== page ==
For more on the last year of Challenge X, see Slideshow: 2008 Challenge X.
Four years ago, dozens of college students sat down at their workstations to design the vehicle of the future. The Challenge X competition was funded by the U.S. Department of Energy and dozens of sponsors, including General Motors, which donated brand-new 2005 Chevrolet Equinoxes. The students made up 17 teams, all attempting to build a sport utility that used less petroleum and emitted fewer pollutants and greenhouse gases.
This spring, as Challenge X wound down, the same organizers launched its successor. The new multiyear contest will be called EcoCar: The NeXt Challenge, and the ecology focus in its name is just one indicator of how much has changed in the global auto industry since 2004.
For one thing, the vehicles used in Challenge X were specific to North America. The Chevrolet Equinox is a ”compact” sport utility—4.8 meters long, weighing 1762 kilograms with all-wheel drive, and fitted with a 185-horsepower (138-kilowatt), 3.4-liter V6 gasoline engine. That’s fine in a contest funded by U.S. and Canadian government entities, but it hardly reflects the industry’s wholesale shift to entirely global vehicle platforms. To amortize the huge capital costs of new vehicles, the same underpinnings are now manufactured around the world, customized for local markets.
But it’s the power technologies that really date the Challenge X entries today. Most of the 17 teams chose to fit their vehicles with 1.9-liter GM turbo diesels and hybrid-electric drives, although Canada’s University of Waterloo converted their Equinox to run on a hydrogen fuel cell, and the University of Michigan used a hydraulic hybrid to store energy. But only one of those hybrids was a plug-in that could recharge its battery pack from the electric grid—and that came from the University of California at Davis, where professor Andy Frank has been promoting plug-in technology for almost 20 years. And only a handful used lithium-ion battery packs, the cell chemistry that will make plug-in hybrids practical in the future.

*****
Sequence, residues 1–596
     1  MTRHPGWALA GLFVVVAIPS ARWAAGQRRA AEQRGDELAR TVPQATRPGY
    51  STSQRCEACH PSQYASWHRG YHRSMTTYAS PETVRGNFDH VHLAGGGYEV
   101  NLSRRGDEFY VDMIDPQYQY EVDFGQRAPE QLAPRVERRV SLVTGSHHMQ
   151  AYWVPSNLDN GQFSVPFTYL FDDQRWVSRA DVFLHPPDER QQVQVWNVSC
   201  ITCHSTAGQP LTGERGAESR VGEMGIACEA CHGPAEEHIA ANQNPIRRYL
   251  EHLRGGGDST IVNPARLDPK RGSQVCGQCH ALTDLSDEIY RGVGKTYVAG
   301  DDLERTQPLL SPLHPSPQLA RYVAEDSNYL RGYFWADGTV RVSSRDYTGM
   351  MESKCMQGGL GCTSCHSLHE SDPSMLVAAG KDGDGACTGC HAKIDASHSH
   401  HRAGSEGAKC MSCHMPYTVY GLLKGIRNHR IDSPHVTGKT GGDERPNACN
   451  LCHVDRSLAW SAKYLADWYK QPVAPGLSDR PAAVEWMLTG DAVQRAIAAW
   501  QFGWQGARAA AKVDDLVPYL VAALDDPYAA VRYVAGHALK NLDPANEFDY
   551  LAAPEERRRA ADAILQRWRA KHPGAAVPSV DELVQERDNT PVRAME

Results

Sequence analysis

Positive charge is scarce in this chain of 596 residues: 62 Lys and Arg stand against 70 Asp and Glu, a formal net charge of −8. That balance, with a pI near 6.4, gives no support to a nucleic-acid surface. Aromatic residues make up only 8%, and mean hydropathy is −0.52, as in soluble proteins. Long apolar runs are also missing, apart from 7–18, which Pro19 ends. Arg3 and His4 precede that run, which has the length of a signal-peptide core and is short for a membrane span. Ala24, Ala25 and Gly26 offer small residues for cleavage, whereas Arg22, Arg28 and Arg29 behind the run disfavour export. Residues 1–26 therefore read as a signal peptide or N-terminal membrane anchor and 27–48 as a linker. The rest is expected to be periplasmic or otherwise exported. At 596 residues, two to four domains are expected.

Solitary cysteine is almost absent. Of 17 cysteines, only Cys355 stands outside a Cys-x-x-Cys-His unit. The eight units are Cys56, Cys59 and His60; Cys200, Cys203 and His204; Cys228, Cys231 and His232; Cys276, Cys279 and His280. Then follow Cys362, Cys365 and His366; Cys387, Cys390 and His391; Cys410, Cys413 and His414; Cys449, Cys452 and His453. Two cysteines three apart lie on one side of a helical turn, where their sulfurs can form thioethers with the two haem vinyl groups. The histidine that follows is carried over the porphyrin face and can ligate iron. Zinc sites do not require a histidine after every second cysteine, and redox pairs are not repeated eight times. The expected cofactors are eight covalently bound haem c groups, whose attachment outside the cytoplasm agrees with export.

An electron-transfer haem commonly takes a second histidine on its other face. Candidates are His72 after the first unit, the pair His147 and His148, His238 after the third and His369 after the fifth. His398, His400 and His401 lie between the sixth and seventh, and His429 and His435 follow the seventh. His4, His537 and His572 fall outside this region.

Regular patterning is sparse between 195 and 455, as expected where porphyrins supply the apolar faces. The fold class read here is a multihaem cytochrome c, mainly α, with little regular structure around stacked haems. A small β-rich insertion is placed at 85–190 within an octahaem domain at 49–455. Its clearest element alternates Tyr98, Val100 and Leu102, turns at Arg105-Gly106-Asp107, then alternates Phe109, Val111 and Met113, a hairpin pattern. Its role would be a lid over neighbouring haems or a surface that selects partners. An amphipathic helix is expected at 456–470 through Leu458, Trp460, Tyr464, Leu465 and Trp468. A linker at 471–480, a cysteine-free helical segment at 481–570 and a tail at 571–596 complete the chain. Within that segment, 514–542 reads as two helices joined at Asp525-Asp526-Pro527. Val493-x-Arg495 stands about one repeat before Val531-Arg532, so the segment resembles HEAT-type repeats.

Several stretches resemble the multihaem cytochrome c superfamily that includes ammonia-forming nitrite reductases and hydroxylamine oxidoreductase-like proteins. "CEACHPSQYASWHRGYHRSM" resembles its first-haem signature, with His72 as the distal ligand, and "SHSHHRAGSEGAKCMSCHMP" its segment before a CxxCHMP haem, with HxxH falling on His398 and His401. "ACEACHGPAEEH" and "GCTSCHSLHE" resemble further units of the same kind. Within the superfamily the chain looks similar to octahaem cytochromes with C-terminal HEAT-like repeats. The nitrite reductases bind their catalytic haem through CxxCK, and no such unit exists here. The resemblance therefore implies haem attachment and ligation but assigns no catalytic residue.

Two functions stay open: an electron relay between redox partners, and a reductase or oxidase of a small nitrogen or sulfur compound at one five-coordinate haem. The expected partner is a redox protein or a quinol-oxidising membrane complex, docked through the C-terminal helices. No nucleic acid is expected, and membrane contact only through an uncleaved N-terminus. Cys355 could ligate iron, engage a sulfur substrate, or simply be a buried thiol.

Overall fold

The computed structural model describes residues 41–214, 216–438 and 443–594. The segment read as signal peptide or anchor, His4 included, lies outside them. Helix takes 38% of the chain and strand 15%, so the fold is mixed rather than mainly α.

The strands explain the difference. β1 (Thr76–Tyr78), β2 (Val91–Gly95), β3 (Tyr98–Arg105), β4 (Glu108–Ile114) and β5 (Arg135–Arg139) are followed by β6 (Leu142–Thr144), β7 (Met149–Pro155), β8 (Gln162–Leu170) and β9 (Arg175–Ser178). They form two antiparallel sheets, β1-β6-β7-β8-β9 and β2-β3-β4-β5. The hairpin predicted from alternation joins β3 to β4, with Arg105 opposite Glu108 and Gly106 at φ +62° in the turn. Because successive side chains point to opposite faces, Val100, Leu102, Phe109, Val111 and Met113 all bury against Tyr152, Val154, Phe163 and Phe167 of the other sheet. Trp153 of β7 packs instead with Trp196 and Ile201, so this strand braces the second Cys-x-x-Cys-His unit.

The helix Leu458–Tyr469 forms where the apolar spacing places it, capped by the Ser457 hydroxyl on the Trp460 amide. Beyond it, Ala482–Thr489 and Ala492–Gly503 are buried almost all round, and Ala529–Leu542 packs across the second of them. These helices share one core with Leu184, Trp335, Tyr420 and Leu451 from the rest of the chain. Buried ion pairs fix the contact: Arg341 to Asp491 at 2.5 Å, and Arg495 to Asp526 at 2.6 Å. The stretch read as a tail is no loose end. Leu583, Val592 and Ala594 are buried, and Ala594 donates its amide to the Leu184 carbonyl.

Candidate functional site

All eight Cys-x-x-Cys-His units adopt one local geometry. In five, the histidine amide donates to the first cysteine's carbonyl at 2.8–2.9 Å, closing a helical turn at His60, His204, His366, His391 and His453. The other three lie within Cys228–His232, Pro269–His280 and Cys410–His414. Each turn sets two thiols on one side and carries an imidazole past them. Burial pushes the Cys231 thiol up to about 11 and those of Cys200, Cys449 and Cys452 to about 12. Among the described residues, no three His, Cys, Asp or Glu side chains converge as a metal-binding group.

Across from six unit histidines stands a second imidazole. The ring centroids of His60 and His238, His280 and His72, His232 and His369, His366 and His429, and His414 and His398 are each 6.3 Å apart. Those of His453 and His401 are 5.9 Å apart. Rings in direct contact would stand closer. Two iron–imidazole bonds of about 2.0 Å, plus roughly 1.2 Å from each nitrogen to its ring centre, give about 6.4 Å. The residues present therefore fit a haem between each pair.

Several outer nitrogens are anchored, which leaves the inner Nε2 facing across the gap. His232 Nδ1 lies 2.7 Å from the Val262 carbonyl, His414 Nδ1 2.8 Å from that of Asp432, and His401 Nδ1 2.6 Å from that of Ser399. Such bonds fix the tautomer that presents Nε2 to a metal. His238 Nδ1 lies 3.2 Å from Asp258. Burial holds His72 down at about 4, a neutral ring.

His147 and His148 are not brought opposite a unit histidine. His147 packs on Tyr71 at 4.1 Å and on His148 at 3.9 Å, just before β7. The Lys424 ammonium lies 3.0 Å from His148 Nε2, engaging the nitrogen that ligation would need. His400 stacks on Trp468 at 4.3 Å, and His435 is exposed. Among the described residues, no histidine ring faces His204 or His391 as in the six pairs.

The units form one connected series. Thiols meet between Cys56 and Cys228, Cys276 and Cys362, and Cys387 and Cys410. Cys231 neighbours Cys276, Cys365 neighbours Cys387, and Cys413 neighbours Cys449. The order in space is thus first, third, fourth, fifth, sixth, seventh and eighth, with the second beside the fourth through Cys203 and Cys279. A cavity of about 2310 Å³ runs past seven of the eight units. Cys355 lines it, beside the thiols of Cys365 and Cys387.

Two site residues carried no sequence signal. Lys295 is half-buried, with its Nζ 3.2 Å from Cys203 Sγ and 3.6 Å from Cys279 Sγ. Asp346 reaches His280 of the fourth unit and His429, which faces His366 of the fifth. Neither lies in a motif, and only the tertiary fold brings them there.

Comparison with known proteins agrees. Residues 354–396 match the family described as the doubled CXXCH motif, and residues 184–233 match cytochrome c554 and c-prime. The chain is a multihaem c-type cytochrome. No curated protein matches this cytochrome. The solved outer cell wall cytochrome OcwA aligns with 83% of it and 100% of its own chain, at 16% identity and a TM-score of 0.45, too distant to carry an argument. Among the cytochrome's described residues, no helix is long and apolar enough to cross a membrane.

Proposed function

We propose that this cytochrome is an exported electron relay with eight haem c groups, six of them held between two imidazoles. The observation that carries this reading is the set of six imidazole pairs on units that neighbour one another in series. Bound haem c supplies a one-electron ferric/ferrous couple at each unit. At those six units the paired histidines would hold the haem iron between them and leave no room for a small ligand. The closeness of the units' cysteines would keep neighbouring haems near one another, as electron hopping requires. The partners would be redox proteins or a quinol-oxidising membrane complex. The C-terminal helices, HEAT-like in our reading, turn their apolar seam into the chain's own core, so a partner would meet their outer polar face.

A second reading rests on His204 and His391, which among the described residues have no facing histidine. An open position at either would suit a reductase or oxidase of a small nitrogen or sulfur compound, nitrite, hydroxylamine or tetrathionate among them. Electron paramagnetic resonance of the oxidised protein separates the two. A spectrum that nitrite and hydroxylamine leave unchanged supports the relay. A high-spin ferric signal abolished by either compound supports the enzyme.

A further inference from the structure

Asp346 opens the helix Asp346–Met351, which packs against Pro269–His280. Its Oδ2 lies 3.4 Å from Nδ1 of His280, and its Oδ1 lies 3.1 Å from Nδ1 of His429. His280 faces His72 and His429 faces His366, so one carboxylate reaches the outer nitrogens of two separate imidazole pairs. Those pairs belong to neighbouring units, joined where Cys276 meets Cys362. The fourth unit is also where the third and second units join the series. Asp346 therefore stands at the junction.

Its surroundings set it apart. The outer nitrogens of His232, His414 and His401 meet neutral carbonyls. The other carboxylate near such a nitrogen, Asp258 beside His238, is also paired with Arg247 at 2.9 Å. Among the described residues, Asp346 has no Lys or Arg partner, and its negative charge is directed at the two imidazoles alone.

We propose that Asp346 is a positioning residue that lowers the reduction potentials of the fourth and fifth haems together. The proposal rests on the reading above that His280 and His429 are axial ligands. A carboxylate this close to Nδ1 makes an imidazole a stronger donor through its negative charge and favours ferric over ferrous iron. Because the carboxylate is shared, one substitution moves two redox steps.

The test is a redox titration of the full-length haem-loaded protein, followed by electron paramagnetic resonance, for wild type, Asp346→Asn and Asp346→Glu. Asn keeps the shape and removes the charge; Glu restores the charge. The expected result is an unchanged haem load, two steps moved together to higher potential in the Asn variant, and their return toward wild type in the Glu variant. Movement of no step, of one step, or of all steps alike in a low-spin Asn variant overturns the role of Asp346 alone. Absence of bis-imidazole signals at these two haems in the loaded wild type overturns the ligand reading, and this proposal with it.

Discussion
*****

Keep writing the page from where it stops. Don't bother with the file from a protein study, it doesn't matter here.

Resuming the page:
For EcoCar, the goals are roughly the same. But this time, the donor vehicle is likely to be GM’s Saturn Vue sport utility, according to teams and organizers who asked not to be named because it hasn’t been announced. Not only is the Vue a global vehicle—it was designed largely in Korea and is also sold in Europe as the Opel Antara—but by 2010, it will have the unique distinction of offering no fewer than three different hybrid systems to buyers.
Chevrolet already offers the 2008 Vue Green Line with GM’s Belt-Alternator-Starter mild-hybrid system, which switches off the engine when the vehicle stops and restarts it on takeoff. Late this year, dealers will receive a 2009 version with GM’s full Two-Mode Hybrid system, which offers electric running for short distances and improved fuel economy. Finally, a plug-in version of the Vue Two-Mode was revealed at last year’s Los Angeles Auto Show, to go on sale in late 2010.
Thus for EcoCar, many of the 17 chosen teams (three of them Canadian) will likely add plug-in capabilities to existing hybrid versions of the Vue. The challenge will be whether teams can keep their designs ahead of those in actual production vehicles that will go on sale during EcoCar’s four-year span.